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Sudan in Crisis

Some people and organisations are questioning the severity of the situation in South Sudan. As an organisation working in 7 locations in Bahr-El-Gazal, Médecins Sans Frontières confirms that the population is facing a dire situation. We would like to share with you the following data and thoughts.

Three nutritional and retrospective mortality surveys have been carried out by Epicentre and MSF in 3 different locations of Bahr-El-Gazal: Ajiep, Panthou and Mapel. The methodology included mapping to estimate the size of the population over a radius of 3 - 5 km from the airstrip in each of the locations and then a 2 stage cluster sampling survey. (The Primary results are shown in the table below).

These indicators represent a more serious situation than famines in Somalia (1992) and Korem (Ethiopia) in 1984. They also show big differences between displaced and resident populations. The problem is not restricted to only one or two specific places in Bahr-El-Gazal. Routine mortality surveillance* has been established in several places and the first figures collected showed a similar mortality rate in Acumcum and Bararud (around 25/10,000/d). Even in Mapel, where the situation appeared to be less critical, the mortality rate is over 15/10,000/d.

In the rural part of three counties of Bahr-El-Gazal (Wau, Gogrial and Aweil east counties), MSF is running supplementary and therapeutic feeding programmes in 7 places (Mapel, Bararud, Acumcum, Ajiep, Panthou, Panliet and Thiekthou). Due to capacity limitations the admission criteria for SFPs have been lowered to cut-offs which are
normally used for admission in Therapeutic feeding centres . Today there are more than 12,000 beneficiaries enrolled in the SFP. The number of weekly admissions to SFP is now increasing, (in Bararud and Acumcum there are 330 and 200 admissions in a week respectively). Many adults and adolescents are admitted to the feeding centres which is a further sign of the seriousness of the situation. In Bararud now, some adults and children are found dead in the morning at the doors of the feeding centres. We are also witnessing this pattern in Ajiep and Panthou.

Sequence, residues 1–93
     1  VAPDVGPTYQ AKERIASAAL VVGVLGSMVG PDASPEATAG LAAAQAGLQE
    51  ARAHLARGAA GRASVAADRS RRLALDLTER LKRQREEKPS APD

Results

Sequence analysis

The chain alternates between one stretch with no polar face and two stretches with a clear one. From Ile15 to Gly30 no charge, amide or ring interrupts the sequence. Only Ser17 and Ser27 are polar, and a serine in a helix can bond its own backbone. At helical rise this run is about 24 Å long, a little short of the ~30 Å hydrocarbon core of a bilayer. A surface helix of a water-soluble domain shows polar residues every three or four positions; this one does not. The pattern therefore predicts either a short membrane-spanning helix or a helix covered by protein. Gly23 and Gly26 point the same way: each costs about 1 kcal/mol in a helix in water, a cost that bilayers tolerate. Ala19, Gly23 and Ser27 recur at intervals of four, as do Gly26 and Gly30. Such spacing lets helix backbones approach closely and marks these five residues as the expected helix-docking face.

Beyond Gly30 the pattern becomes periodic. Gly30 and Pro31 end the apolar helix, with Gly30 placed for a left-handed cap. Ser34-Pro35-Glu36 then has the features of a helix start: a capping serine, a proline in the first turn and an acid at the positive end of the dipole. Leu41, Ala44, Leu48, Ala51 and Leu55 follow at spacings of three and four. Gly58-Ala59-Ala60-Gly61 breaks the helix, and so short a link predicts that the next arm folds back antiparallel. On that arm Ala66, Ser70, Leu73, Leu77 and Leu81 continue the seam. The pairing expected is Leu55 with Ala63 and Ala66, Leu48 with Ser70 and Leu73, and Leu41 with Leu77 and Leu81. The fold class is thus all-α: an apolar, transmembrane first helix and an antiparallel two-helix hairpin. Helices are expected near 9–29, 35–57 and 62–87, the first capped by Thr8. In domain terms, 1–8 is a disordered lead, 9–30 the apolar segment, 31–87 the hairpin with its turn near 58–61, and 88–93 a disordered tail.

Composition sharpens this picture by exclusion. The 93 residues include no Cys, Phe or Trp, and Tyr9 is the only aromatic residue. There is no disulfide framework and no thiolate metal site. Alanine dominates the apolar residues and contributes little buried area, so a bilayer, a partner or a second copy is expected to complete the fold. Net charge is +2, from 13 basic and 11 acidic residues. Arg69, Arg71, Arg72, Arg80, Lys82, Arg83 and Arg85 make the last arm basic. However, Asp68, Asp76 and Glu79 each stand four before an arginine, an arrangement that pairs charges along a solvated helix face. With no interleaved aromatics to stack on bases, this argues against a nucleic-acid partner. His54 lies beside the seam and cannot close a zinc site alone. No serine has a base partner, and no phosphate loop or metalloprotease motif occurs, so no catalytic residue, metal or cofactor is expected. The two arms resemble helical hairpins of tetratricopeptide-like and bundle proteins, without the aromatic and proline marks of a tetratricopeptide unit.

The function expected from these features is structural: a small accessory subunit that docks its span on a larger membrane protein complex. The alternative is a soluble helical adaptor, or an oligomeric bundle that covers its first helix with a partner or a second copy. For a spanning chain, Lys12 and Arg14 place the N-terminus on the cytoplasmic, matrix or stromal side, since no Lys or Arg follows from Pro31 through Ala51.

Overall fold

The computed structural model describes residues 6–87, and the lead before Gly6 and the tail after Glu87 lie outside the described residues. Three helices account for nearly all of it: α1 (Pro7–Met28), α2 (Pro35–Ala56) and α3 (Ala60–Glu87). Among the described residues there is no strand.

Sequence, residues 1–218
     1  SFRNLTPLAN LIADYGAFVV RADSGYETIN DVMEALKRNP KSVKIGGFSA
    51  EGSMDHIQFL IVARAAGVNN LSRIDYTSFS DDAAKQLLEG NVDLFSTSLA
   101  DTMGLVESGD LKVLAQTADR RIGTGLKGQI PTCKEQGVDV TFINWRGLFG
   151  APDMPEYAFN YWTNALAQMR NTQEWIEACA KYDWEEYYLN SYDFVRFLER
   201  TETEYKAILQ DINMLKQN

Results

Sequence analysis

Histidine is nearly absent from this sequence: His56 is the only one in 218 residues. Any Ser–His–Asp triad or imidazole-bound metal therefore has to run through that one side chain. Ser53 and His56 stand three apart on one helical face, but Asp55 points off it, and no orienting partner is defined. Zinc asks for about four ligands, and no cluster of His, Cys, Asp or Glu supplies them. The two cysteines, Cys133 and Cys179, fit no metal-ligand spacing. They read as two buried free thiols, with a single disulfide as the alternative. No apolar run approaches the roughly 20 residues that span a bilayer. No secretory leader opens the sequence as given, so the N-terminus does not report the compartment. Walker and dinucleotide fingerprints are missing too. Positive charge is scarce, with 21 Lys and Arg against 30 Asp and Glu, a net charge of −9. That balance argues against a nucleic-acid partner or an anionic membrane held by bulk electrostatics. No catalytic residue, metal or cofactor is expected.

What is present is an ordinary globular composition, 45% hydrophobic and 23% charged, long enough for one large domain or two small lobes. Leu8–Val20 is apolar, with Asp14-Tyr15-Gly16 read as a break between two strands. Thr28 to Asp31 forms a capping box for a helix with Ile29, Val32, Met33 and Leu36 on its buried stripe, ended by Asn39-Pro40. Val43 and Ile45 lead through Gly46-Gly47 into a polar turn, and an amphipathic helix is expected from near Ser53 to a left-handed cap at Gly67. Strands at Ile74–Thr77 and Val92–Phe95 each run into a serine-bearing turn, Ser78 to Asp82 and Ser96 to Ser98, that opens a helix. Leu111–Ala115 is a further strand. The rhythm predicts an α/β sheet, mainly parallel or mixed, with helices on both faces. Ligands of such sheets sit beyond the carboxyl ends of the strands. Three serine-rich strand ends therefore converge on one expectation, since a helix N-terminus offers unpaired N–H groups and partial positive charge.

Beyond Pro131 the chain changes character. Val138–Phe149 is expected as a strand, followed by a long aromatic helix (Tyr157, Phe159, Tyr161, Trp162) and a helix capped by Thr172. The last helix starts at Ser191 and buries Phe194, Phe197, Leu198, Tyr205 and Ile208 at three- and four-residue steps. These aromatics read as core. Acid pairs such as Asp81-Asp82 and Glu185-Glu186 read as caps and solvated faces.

In the face of this evidence can we still doubt the reality of a famine and its extent?

We are very concerned about the future. Because, even if the harvest starts soon, it will be far from sufficient to cover the needs of this
population. And we fear that this dire situation will last until next year. To date even with many organisations (UN and NGOs) responding to the crisis, it is still not enough to meet needs. We know that war in Sudan has been going on for too long and that its consequences result in a harrowing and hopeless situation for the population. We acknowledge that the only lasting solution will be a political one rather than relief and nutrition related interventions. But this does not mean that we should deny the extent of the problem or accept mortality rates at this level.

Everyone is concerned by the situation but as professional nutritionists, what can we do?

Fabienne Vautier, MSF Belgium.

Show footnotes

*ICRC and MSF Holland confirmed the severity of the situation adding a CMR: 10-15/10,000 per day in Waw and malnutrition rates of 43,4 % Global and 19.7 % severe malnutrition. Once again returnees and displaced suffered higher PEM prevalence than did residents. Of great concern also is the high proportion of unaccompanied minors - 4.1% in the population.

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Fabienne Vautier (1998). Sudan in Crisis. Field Exchange 5, October 1998. p24. www.ennonline.net/fex/5/sudan

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